A small word of caution to any readers whom it may apply to: If you are yourself or are the concerned friend of a high school athlete with ANY games scheduled against one of the gazillion opposing teams in the U.S. called “The Spartans” at any time while “300” is still playing in theaters, please heed the following advice: Watch the hell out!

Yes, once again we dive into the “Braveheart”-birthed subgenre of epics that can be accurately refered to as Loose-History For Varsity Football Dudes and Frat Boys, with Zack Snyder’s ambitious “300” jockeying to unseat current-champ “Gladiator” as the default favorite “historical” movie of your local Atomic Wedgie Distributor. This doesn’t make it a bad film, not by any stretch, though it does aid in approaching the movie on the proper terms.

The film is a very literal translation of Frank Miller’s 1998 graphic-novel, itself a “cool-parts-only-and-cooler-parts-added” retelling of the Battle of Thermopylae (300 Spartan soldiers under King Leonidas versus a thousands-strong multinational horde under the Persian god-king Xerxes for those a little rusty on their Western Civ.) Most historical epics, for better or worse, aim to examine the deeper concepts of legendary events, or tie them to modern paralells, but you’ll find little of such here: This is a story of Sparta as the Spartans would’ve wanted it told. It casts it’s Greek heroes in the idealized (and profoundly homoeroticized) terms in which they cast themselves, and likewise Xerxes army appears as a clashing collective of beastial exotica that indeed captures the ghoulish identity ancient Greece assigned to her foes. The Spartans appear as expertly-oiled bodybuilder specimens who go to war naked save for their crimson capes and leather Chippendales speedos; while the enemy is either ugly, malformed or outright monstrous – at least two of the “heavies” are almost literal ogres, while Xerxes himself is a towering, peircing-adorned giant with a digitally-distorted voice.

On the one hand, historians will have something resembling a point when they meekly point out that Xerxes armies probably didn’t include a Jabba-esque executioner with giant claw-shaped blades replacing his forearms. But it seems to me a slippery slope to hold such gratuity against a film who’s area of history involves a clash between two civilizations so alien to modern audiences that even a “straight” retelling would have all the relateability of an unsubtitled clash between Aliens and Predators.

The nigh-extraterrestrial nature of the onscreen presentation is also helpful in allowing the action to be appreciated on it’s own merits: A sampling of any pool of reviews will reveal that critics are already too eager to read political subtexts into a film that’s more concerned with making every spear-to-the-gut kill cooler than the last, but I for one am not finding many such reviews worth taking very seriously. “Conservative” critics are largely making fools of themselves trying to cast King Leonidas (Gerard Butler, late of “Phantom of The Opera”) as some kind of Bush avatar, while their mirror-mirror dopplegangers on the “Left” are throwing a White Guilt hissy-fit over the fact that all the good guys are caucasian Greeks while the baddies are mostly, well.. not.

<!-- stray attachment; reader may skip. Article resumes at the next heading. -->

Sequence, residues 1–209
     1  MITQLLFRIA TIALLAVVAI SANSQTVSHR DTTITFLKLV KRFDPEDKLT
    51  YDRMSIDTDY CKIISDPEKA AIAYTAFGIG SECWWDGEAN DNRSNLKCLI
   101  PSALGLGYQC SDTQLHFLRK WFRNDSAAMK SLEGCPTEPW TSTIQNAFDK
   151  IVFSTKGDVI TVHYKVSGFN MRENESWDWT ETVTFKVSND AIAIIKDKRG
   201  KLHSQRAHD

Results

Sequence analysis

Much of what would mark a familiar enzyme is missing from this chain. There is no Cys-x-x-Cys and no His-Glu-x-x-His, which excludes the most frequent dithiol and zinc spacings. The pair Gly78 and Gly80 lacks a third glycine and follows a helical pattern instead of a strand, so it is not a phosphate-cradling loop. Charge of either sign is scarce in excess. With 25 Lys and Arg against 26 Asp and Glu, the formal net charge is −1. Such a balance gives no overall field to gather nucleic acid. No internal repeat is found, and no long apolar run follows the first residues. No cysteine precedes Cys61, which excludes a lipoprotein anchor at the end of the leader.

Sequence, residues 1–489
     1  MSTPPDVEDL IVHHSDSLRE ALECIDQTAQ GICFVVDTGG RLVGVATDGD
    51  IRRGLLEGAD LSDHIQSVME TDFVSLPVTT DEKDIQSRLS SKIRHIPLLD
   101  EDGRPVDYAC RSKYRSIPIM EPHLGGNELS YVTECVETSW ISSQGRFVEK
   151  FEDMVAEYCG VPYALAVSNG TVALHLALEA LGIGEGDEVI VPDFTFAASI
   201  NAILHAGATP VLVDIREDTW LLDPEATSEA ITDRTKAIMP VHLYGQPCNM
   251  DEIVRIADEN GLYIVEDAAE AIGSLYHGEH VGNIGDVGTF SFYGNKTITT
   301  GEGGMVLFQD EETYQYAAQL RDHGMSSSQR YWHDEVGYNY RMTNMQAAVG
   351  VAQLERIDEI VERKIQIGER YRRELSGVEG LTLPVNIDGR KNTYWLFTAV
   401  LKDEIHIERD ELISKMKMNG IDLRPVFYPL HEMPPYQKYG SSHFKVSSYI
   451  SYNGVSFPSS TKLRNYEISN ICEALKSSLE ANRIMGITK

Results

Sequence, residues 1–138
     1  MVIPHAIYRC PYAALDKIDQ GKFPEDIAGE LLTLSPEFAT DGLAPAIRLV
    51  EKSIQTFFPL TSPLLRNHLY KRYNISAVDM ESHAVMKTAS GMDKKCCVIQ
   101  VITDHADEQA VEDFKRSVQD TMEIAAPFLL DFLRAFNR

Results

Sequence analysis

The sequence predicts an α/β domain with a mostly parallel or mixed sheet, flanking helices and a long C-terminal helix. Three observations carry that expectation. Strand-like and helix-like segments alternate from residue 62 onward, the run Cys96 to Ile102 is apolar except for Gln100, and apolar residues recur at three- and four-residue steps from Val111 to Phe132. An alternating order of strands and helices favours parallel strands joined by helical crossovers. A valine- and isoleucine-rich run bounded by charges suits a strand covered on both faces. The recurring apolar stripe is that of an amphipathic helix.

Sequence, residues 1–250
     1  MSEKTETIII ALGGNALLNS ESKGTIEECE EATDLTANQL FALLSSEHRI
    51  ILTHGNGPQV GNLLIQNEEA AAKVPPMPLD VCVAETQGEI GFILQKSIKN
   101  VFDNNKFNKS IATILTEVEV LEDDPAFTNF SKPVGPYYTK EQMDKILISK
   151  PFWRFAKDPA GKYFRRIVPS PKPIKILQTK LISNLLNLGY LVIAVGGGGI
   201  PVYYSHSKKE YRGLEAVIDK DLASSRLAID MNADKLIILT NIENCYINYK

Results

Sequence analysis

This is neither the time, the place nor the material for that kind of introspection – Greek Mythology doesn’t really “do” subtext. Thermopylae is here framed in the terms of the East vs. West clash of Grecian reason and Persian “mysticism and tyranny” that have been it’s default portrayal in verse, prose and portrait since it occured, and given the end result there’s nothing wrong with that: The film is “about” exactly what’s up on the screen: Balletic scenes of combat, loving-photographed spears thrusting through enemy torsos, gruesome enemies and thundering declarative narration. It’s a film of manly men doing manly things, and depending on your reading of that description you’re either going to regard it as High Camp, Holy Writ or some feverish hybrid of the two.

Created almost-entirely using green-screen “sets” and copious CGI, the film is painterly in the most literal sense: Every shot is practically a post card in motion, meticulously composed down to the last drop of spewing digital bloodspray. Every shot of the Spartan’s in combat is designed to linger on the striking visual of their battle poses, every sword-stroke and heroic leap looking like the result of a life of practice. Every shot of the Persians is a chance to show off the creativity of the makeup, costuming and armory crew. When Leonidas consults an Oracle, it appears in the form of a nubile girl doing a peyote-fueled cheese-cloth striptease. If there’s a “cool” way to behead, stab or slash an enemy using Spartan weaponry, you can bet Snyder and company have incorporated it; along with providing one of the better motion picture realizations of how a Spartan Phalanx likely worked.

When you come right down to it, “300” is essentially a single battle scene blown up to the level of a Wagnerian opera. And, as such, it’s a tremendously successful achievement. It’s not the transcendantly-excellent work that was “Sin City,” the previous high-style Frank Miller adaptation, but it neither wants or needs to be. It’s a brawl, writ-large and fully committed to building up it’s audience’s lust for digitally-stylized bloodshed and then leaving them more than satisfied. This kind of thing isn’t everyone’s cup of tea, but approach it with and open mind and reasonable expectations and you’re likely to at least come away having experienced something altogether fresh.


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